A question I am frequently asked is: “what should absolutely be carried in a canine first aid kit?” This is a very complex question, so I want to answer it in the simplest way possible. And that is: well, it depends. Many different variables go into what you need to carry and what you can leave behind in the truck or at home.
But the easiest way to answer this question, (other than just telling you that it depends) is a discussion about the most common trail ailments. Think about it, what is most likely to happen when you are hiking, biking, or running through the woods with your dog? And is your dog off leash? Because that can open a few more doors and possibilities (I am guilty here as well).
So let’s talk about the 5 most common ailments you are going to run into, and what should be carried for each condition. **Hint** stay til the end for an added bonus tip!
- Foot pads injuries must be on the list. We did an entire blog post on caring for you pup’s pads a few weeks back. In fact, most of you have probably dealt with something like this or something similar. And by similar, I mean… torn toe nails anyone? With foot pad injuries being so common bandaging material is a must in any first aid kit. And carrying enough bandaging material is even more crucial. Keep in mind that they are going to wear through, soil, and ruin any bandage you apply very quickly if you have along hike back to the truck.
- The other oh so common injury or ailment we run into on the trail is cuts and abrasions. More commonly on the limbs but can essentially affect any part of your dog’s body. This makes sense, as our creatures run low to the ground and love running though brush, plant matter, rocks, ravines etc. all the while not really paying attention to where they are going. Especially if they are on sensory overdrive (a common occurrence for dogs in nature). Another plug for bandaging material, cuts and abrasions can be cleaned and kept clean with water from your pack and a light wrap depending on the location of the insult and the severity. If you have extra room in your pack triple antibiotic is acceptable, but not a requirement depending on the length of the trip.
- Similarly, eye injuries need to be on the list. And for two reasons. Your dog running through brush, vegetation, and dusty trail conditions might end up with irritated runny eyes, or worse; a scratch or corneal ulcer. It is beneficial, if you have the room, to carry some type of sterile eye wash or flush. Also keep in mind that if you have sterile eye wash it can be used to clean out deeper wounds where you are worried about infection. Here here for multi-use items.
- Next is the never-ending list of all the things your dog likes to get into where he could potentially have an allergic reaction. Stings, bites, bugs, pollen, weeds, grass, you name it. I am sure we have all seen the symptoms of itchy, red, irritated, weepy and swollen eyes, hives, red skin, swelling, swollen muzzle etc. So for insect stings and potential allergic reactions carrying a couple doses of Benadryl is always a good idea. Benadryl is just a good all-around drug to have on you because once again, in our world multi use items are king. Benadryl is an antihistamine, which is beneficial for reactions and allergies (such as itchy and red eyes and skin), but also can be used for mild motion sickness. Yes, antihistamines can have an anti-nausea effect. Bear in mind that they can also have a mild sedative effect which is normal and sometimes welcome in a painful or anxious dog.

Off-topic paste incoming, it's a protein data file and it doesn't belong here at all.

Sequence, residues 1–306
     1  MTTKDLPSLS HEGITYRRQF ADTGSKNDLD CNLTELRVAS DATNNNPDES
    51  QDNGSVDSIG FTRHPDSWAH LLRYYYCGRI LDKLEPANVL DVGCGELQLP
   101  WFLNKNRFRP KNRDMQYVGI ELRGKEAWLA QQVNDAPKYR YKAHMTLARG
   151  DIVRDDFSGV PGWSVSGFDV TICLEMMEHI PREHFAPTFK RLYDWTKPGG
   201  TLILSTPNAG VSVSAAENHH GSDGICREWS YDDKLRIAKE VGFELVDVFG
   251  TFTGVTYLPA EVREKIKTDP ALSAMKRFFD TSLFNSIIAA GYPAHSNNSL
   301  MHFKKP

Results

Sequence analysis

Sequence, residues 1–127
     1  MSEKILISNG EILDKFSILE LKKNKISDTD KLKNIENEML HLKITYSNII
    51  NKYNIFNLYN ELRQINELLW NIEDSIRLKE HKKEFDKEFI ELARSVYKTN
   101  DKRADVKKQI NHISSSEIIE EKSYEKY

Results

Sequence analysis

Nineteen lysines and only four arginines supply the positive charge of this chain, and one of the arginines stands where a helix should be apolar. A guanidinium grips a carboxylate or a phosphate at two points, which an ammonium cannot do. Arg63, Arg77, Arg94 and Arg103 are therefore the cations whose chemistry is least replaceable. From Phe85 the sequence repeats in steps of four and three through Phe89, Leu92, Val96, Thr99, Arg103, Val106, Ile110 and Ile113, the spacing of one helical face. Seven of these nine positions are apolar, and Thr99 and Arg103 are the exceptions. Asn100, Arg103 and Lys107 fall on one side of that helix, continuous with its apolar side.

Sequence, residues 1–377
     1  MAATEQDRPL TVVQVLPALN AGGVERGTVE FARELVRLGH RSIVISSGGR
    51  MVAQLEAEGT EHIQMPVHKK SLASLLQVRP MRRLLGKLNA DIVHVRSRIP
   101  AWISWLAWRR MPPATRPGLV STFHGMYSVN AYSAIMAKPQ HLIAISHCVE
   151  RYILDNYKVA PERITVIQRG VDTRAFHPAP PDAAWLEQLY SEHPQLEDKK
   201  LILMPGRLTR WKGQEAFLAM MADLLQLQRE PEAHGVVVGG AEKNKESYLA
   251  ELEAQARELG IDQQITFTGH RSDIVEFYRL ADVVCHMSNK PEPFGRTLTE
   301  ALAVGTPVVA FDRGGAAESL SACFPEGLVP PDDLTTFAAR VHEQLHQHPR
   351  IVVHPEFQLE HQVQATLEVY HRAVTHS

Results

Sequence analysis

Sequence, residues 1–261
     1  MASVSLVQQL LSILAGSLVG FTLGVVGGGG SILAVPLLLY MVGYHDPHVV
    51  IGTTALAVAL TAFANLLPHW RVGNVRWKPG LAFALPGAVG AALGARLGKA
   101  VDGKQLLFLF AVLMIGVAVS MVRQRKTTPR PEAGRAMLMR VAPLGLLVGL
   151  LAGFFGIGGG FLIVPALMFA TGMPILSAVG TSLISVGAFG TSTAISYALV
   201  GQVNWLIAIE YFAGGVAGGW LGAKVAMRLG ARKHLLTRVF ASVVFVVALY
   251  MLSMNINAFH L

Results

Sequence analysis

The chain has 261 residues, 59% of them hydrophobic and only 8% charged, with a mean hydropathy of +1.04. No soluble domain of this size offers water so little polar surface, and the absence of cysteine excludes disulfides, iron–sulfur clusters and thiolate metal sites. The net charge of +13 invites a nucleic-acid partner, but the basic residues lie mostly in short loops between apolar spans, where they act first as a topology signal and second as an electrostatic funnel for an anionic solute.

- Finally, the last ailment we will talk about when it comes to common issues on the trail is heat stress, and with that dehydration. And we aren’t talking about full blown heat stroke here. (which yes, could absolutely and God forbid happen) For the purposes of this post we are talking about mild symptoms of heat stress that are sometimes inevitable when we choose to go outdoors with our dogs in the summer (even on the mild days!). While I don’t have one good ‘fix it all’ first aid item for you here- it is still worth noting. And, the only solution is keeping them cool, frequent rest, and keeping them hydrated. So, carrying enough water for your dog is imperative. Always plan on brining extra – especially when you aren’t running across any natural water sources. Rethink the trails you are hiking if there is little airflow, minimal shade, and no natural water sources. Dogs can develop heatstroke very quickly and it is absolutely awful to witness.
- Bonus tip!! If you have a dog who likes to pick things up along the trailside or eat something he shouldn't you may consider carrying hydrogen peroxide as well. This will vary from dog to dog. If you would like to read more on this subject we have two separate blog posts on this very topic! Click here to read the post on treatment with hydrogen peroxide.
So there ya have it. The most common ailments you will encounter on the trail and a few of your ‘must bring’ first aid items. This post does not include all the necessary items, no. But that can be a post for another day. Common ailments will vary depending on the type of dog, activity, and trail you are hiking or exploring, but this is a general rundown.
When you know what can go wrong you can be better prepared for what’s next or how to handle these things. Practicing awareness and preparedness with our dogs is so important. They are our family members and we are responsible for keeping them safe. Yes, accidents can and will happen. But we need to do everything in our power to be prepared and ready for that day. Maybe it’s not our dog. Maybe it’s a stranger’s dog. But let’s be prepared for all the dogs because they are precious creatures who bring so much enrichment to our lives.
And on that note, until next time.
Get out an explore more with your pup!
Libbie Fort, DVM